420 with each one. You can also change the theme for any Policy in your
421 .perlcriticrc file. See the "CONFIGURATION" section for more information
422 about that.
423
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424 Using the "-theme" option, you can create an arbitrarily complex rule
425 that determines which Policies will be loaded. Precedence is the same as
426 regular Perl code, and you can use parens to enforce precedence as well.
427 Supported operators are:
a3f5707d 428
7b2c2404 429 Operator Altertative Example
a3f5707d 430 ----------------------------------------------------------------------------
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431 && and 'pbp && core'
432 || or 'pbp || (bugs && security)'
433 ! not 'pbp && ! (portability || complexity)'
a3f5707d 434
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435 Theme names are case-insensitive. If the "-theme" is set to an empty
436 string, then it evaluates as true all Policies.
a3f5707d 437
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438BENDING THE RULES
439 Perl::Critic takes a hard-line approach to your code: either you comply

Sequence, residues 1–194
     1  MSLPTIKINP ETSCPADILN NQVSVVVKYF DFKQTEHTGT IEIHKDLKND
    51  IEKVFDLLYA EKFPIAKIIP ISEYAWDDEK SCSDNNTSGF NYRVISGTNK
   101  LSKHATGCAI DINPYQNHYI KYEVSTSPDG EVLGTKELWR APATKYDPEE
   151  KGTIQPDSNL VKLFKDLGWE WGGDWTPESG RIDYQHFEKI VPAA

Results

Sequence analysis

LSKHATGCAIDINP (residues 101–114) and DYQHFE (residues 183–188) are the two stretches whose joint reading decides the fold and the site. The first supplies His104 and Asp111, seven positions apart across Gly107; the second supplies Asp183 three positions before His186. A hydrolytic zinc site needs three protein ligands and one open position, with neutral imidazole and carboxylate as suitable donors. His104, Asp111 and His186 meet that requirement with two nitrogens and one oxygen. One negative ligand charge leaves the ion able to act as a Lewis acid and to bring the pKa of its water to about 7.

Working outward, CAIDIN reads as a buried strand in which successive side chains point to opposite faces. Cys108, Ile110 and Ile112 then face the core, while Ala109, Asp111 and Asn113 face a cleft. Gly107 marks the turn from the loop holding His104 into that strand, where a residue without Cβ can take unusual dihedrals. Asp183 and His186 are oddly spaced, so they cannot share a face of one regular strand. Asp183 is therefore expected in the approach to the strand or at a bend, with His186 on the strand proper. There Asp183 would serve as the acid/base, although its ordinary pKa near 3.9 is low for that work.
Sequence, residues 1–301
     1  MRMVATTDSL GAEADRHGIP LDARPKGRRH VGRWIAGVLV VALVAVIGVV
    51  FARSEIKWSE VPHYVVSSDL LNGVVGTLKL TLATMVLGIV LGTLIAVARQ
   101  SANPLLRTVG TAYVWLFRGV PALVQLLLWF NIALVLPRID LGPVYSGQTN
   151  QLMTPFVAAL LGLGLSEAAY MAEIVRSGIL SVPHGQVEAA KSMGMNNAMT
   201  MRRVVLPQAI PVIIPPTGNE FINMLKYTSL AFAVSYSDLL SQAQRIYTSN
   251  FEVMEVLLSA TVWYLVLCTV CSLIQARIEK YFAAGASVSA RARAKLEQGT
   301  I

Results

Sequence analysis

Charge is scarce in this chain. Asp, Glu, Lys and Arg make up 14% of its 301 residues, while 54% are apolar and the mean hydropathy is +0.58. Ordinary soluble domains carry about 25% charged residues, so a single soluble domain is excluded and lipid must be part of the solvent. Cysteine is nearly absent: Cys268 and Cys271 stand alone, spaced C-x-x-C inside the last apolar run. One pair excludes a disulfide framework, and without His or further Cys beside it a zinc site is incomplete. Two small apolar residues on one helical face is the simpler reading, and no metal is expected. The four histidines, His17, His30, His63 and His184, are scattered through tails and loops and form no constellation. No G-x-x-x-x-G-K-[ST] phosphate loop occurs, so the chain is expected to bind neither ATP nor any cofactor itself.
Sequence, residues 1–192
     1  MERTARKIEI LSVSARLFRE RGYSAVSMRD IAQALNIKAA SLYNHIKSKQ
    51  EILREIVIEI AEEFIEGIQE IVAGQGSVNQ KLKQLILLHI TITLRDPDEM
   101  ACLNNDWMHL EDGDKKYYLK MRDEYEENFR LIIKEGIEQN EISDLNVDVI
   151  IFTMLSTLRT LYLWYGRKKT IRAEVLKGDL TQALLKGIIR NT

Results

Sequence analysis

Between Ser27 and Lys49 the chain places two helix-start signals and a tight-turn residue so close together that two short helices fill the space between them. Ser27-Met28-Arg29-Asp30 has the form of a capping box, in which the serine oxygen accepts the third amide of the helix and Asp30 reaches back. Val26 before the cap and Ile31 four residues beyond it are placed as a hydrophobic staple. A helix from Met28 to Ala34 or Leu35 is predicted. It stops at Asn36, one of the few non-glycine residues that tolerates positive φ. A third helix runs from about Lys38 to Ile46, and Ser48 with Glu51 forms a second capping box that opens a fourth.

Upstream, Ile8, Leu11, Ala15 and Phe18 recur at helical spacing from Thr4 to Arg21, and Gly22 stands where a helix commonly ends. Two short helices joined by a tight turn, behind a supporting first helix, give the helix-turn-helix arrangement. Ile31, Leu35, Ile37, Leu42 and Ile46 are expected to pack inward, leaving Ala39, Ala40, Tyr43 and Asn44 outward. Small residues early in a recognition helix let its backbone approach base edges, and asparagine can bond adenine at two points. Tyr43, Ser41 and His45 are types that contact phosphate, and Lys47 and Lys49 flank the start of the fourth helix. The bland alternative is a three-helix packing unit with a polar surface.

440 or you don't. In the real world, it is not always practical (nor even
441 possible) to fully comply with coding standards. In such cases, it is
442 wise to show that you are knowingly violating the standards and that you
443 have a Damn Good Reason (DGR) for doing so.
444
445 To help with those situations, you can direct Perl::Critic to ignore
446 certain lines or blocks of code by using pseudo-pragmas:
447
448 require 'LegacyLibaray1.pl'; ## no critic
449 require 'LegacyLibrary2.pl'; ## no critic
450
451 for my $element (@list) {
452
453 ## no critic
454
455 $foo = ""; #Violates 'ProhibitEmptyQuotes'
456 $barf = bar() if $foo; #Violates 'ProhibitPostfixControls'
457 #Some more evil code...
458
459 ## use critic
460
461 #Some good code...
462 do_something($_);
463 }
464
465 The "## no critic" comments direct Perl::Critic to ignore the remaining